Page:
The highlight of the Reserve Bank of India’s (RBI) bi-monthly monetary policy on Tuesday is not the 25 basis point rate cut but the elimination of the only excuse left for banks for not lowering lending rates -- shortage of liquidity. Raghuram Rajan, the God of the Mint Street, has sort of given an ultimatum to banks to pass on the lower cost of funds to the end consumers. Banks aren’t left with any option but to act now.
The God has given to banks all that they prayed for — from rate cuts (the policy rate is now at a 5-year low) to prodding the government to reduce small savings rates to devising a methodology for slashing lending rates faster and more effectively.
On, Tuesday, Rajan spelled out measures to make more cash available in the banking system. These include reduction in the daily cash reserve ratio (CRR) maintenance and assuring sufficient liquidity to banks whenever needed.
The rate corridor now stands reduced to 75 bps from 100 bps with a 75 bps reduction in MSF rate and 25 bps increase in the reverse repo rate. The RBI also announced a Rs 15,000 crore infusion of funds into the banking system through Open Market Operation (OMO).
Rajan has made it clear that the RBI no longer intents to keep the banking system in 1 percent liquidity deficit mode. Instead, it wants to progressively lower the average ex ante liquidity deficit in the system from 1 percent of NDTL to a position closer to neutrality.
This is a major enabler for banks to lower deposit rates since banks have been constantly complaining about liquidity shortage as a barrier to cut rates, which can later translate into cut in lending rates. More importantly, this is happening at a time when the MCLR regime has commenced. All seen together, this is a big enabler for lending rates to come down.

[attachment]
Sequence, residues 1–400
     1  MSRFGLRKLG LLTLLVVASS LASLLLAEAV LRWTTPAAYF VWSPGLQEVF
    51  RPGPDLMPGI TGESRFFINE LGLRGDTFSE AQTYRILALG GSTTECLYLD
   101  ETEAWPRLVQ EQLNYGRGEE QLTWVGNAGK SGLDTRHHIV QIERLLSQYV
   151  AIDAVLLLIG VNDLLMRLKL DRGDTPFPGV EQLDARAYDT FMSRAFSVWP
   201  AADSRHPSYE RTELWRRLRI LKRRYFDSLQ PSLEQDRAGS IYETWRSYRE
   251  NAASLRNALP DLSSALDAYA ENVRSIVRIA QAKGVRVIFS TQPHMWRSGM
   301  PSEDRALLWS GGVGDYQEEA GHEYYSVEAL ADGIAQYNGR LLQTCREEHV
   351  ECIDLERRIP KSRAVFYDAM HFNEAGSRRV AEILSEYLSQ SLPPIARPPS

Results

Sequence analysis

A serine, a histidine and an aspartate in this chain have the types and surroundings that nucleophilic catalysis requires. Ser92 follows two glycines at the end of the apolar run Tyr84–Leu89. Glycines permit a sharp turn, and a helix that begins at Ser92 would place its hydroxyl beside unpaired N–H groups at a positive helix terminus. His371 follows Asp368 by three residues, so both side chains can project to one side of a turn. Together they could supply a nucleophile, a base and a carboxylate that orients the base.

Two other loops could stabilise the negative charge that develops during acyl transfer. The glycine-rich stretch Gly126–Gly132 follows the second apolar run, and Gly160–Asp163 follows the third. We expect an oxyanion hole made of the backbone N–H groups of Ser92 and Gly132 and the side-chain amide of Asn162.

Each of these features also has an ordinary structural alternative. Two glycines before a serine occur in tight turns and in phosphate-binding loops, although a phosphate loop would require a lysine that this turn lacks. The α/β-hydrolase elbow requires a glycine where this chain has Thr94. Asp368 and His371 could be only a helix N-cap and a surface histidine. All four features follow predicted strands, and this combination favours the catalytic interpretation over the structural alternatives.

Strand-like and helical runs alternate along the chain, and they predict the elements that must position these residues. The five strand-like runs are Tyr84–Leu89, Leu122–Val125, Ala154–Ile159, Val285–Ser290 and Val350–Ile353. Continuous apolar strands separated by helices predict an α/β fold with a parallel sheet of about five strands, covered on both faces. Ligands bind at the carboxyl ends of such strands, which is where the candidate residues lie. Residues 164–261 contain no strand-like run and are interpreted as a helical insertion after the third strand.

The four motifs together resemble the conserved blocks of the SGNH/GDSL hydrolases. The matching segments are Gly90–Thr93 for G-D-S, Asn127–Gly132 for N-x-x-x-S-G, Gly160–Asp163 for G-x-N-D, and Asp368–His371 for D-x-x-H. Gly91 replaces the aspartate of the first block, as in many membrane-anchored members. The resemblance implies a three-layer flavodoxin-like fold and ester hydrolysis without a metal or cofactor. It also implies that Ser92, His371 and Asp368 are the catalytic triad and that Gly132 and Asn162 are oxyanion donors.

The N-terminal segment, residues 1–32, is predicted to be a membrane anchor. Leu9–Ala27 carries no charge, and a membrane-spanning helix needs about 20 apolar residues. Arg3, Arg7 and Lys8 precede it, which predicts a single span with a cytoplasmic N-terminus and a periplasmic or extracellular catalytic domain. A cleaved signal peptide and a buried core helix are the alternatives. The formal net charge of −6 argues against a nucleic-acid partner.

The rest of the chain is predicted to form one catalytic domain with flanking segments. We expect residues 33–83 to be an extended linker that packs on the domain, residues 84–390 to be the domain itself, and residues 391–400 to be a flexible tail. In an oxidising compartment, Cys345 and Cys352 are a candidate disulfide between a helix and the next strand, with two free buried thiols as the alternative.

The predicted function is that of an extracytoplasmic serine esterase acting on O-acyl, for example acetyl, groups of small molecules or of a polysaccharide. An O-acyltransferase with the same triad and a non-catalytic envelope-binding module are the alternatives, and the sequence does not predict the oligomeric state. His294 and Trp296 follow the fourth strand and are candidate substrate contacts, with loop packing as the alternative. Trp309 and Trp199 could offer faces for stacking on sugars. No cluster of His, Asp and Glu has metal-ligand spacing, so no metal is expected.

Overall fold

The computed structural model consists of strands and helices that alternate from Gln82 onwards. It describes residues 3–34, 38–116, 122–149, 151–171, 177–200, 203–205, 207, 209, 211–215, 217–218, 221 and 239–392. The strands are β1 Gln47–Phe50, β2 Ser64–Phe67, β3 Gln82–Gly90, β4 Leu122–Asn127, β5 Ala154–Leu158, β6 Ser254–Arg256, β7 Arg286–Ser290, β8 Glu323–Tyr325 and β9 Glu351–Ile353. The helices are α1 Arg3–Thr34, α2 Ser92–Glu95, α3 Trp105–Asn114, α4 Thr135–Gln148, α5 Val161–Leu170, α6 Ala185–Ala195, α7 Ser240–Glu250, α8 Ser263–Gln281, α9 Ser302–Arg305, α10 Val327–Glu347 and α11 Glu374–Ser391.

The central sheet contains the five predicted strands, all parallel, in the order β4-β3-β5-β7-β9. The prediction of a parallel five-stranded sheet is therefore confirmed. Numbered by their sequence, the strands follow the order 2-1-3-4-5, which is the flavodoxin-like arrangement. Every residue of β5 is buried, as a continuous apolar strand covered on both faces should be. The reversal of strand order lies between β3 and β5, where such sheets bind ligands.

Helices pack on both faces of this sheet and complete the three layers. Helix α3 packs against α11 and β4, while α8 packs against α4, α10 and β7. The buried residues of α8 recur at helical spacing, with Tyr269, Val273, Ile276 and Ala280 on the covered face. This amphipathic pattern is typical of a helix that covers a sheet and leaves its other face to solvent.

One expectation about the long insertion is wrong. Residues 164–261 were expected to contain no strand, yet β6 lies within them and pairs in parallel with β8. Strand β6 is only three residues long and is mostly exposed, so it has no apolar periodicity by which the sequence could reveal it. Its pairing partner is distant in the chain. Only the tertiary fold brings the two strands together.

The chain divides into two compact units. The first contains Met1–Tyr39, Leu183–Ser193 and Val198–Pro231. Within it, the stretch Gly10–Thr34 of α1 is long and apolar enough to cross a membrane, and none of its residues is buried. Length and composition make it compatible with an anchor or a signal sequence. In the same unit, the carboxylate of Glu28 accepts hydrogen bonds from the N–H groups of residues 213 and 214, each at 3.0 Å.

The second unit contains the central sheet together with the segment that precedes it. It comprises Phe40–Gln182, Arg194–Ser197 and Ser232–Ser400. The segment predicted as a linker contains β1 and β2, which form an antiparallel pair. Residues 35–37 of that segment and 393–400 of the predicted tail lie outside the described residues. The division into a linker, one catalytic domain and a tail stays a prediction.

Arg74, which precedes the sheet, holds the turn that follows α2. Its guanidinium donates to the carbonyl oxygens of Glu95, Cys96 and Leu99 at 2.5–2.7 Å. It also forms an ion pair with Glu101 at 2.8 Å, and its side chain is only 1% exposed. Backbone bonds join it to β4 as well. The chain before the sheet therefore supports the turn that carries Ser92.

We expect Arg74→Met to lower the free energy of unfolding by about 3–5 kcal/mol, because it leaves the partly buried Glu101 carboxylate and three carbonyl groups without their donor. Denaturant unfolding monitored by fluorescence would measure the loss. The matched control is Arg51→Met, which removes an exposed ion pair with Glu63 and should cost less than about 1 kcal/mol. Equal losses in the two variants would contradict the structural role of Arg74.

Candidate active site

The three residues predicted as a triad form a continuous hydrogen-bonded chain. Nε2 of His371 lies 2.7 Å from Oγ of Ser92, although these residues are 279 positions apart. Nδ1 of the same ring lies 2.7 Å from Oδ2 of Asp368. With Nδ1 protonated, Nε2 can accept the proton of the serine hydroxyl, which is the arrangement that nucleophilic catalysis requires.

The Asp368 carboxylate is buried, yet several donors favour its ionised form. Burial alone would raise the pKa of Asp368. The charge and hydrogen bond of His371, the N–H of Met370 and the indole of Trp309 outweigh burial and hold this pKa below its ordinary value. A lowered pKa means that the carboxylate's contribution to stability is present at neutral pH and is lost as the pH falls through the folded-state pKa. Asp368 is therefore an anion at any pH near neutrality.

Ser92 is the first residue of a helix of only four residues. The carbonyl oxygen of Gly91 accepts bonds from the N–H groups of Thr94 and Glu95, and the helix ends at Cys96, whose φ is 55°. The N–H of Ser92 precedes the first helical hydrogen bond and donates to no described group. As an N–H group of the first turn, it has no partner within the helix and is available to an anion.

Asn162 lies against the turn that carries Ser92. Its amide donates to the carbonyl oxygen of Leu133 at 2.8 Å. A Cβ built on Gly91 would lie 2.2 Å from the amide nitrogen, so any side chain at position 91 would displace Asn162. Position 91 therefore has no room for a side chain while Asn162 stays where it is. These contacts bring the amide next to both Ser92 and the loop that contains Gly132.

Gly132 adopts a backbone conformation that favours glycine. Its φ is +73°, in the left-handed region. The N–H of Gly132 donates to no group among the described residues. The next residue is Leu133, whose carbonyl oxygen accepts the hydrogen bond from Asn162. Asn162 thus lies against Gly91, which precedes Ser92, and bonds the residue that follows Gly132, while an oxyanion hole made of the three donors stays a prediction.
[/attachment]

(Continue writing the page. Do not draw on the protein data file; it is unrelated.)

Now, it's time for banks to act. Until now, the central bank has cut its key lending rate, repo rate, by a cumulative 150 basis points since it began the rate easing cycle in January 2015. But, banks have cut their base rates or minimum lending rates by up to a maximum 60-70 bps.
“Perhaps, more important at this juncture is to ensure that current and past policy rate cuts transmit to lending rates,” Rajan said in the monetary policy document.
Both the RBI and the government have been systemically addressing all the factors that has prevented banks from lowering their lending rates in the banking system. The foremost part was the lowering the small savings rate.
As Firstpost wrote in an earlier article, a major reason banks have been hesitant to slash lending rates so far was the high deposit rates in the banking system.
Without deposit rates coming down, banks cannot cut their lending rates since it will hit their margins. But, deposit rates couldn’t be lowered on account of the comparatively higher returns on small savings schemes and post office deposits.
With small savings rate coming down now, stage is set for drop in bank lending rates as well. Similarly, since banks are required to set their lending rates based on their marginal cost of funds since April, when short–term deposit rates fall, banks’ lending rates too will be lowered faster.
This ensures that banks immediately pass on the lower borrowing costs to the borrower. “The introduction of the marginal cost of funds based lending rate (MCLR) should improve transmission and magnify the effects of the current policy rate cut,” Rajan said in the policy.
The larger picture here is that by closing all gaps that has been preventing monetary transmission in the banking system, Rajan has reinstated the ability of the monetary policy in ensuring monetary transmission, which the central bank has lost for long.
When banks refused to follow the policy cues, RBI monetary policies have begun to sound alien to the general public since the interest burden on their auto, home loan rates hardly translated to their benefit in the form of lower interest rate burden in a meaningful manner, no matter what RBI does. That scenario will change now.
Rajan has effectively reinstated the credibility of the RBI monetary policy in the eyes of public. Now, it’s banks’ job to do their part.